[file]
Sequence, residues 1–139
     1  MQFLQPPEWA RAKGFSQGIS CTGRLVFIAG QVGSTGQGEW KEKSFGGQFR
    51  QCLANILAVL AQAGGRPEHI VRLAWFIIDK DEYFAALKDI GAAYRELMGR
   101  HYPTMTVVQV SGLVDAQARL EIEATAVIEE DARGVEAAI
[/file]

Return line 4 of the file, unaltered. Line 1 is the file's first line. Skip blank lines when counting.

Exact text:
   101  HYPTMTVVQV SGLVDAQARL EIEATAVIEE DARGVEAAI